Veganism adherence is growing slowly but steadily in Japan, mostly out of ecological convictions, given the tropical forest’s dramatic reduction since meat has been taking a larger place on the Japanese plate. Several university campuses now offer vegan dishes, a proof that millennials are driving the movement. But the young are finding it sometimes hard to convince their families that veganism is a sustainable lifestyle. Many grandparents still remember rationing following World War II, when they had so little to eat and so they tend to see veganism as some kind of voluntary deprivation.
Your Japanese waiter/waitress or host will go to great lengths to satisfy your needs and dietary requirements. This being said, you will need to explain a lot what you mean by being vegan and most likely at the end of your explanation, you will be asked if you eat fish anyhow. Also, you might well be served food that includes dashi (bonito fish flakes) as it is considered more of a condiment than an animal product. Therefore, your explanations need to be detailed and include “no dashi” repeated for almost every dish. When at a loss, explain that you eat like a traditional Buddhist monk (though nowadays monks can be found eating eggs and fish and even sometimes meat).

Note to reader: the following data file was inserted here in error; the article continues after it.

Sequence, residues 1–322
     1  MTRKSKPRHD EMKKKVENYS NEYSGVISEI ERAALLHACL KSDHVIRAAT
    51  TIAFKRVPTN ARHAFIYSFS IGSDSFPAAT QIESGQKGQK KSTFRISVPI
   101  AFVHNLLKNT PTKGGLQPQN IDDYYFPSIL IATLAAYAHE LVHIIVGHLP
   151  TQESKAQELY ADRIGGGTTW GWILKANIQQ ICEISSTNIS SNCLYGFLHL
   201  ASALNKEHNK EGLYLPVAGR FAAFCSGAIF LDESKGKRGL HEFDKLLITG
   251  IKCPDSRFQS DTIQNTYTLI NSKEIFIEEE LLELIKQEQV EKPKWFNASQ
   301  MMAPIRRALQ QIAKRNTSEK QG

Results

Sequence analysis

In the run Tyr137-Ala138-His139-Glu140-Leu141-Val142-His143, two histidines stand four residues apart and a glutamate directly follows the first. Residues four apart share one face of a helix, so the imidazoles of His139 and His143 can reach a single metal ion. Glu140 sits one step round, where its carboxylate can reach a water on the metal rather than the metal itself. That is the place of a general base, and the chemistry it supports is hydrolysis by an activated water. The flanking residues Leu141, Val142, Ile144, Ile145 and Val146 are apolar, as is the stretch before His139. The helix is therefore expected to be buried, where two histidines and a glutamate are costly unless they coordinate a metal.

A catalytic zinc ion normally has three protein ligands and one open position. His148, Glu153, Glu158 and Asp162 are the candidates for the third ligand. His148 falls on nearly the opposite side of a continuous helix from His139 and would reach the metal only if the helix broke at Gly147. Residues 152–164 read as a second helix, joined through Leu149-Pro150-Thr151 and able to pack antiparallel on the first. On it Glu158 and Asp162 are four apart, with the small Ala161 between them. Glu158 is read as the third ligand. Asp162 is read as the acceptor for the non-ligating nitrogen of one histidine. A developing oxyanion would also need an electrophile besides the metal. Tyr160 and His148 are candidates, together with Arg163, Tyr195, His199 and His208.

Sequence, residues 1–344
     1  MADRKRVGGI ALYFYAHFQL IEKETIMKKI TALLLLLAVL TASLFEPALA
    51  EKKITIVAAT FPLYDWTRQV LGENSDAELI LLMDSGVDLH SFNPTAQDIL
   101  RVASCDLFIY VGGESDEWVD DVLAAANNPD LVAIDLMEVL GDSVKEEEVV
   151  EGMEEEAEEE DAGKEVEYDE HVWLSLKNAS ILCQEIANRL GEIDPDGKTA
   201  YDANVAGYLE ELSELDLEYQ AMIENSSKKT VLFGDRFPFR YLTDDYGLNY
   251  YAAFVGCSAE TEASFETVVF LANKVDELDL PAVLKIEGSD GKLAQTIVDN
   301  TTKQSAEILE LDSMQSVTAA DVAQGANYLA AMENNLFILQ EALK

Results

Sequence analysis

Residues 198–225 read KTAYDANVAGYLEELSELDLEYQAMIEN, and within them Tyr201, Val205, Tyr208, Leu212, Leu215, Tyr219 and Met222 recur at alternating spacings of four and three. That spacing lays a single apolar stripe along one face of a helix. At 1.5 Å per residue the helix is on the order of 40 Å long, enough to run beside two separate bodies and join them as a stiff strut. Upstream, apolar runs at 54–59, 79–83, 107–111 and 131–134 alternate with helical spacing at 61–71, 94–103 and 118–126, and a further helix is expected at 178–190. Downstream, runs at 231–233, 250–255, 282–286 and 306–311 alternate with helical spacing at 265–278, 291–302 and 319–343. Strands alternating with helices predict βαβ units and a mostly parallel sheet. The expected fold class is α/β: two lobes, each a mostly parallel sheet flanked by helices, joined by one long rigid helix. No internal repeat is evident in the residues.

This might get complicated by the fact that your waiter may not speak much English. Make sure to have our VEGAN WORDS page for Japan available. Menus in restaurants can be found in English, so stick to the vegan dishes that exist on almost all of them, but beware of fake friends like miso soup, usually served with…dashi. Consult our LOCAL FOOD page to know how to maneuver the pitfalls. Good news, soy milk ice cream is common and easy to find, as are vegan snacks from commodity stores such as Onigiris (rice and seaweed triangles with vegan fillings such as pickled plum) andsalads.
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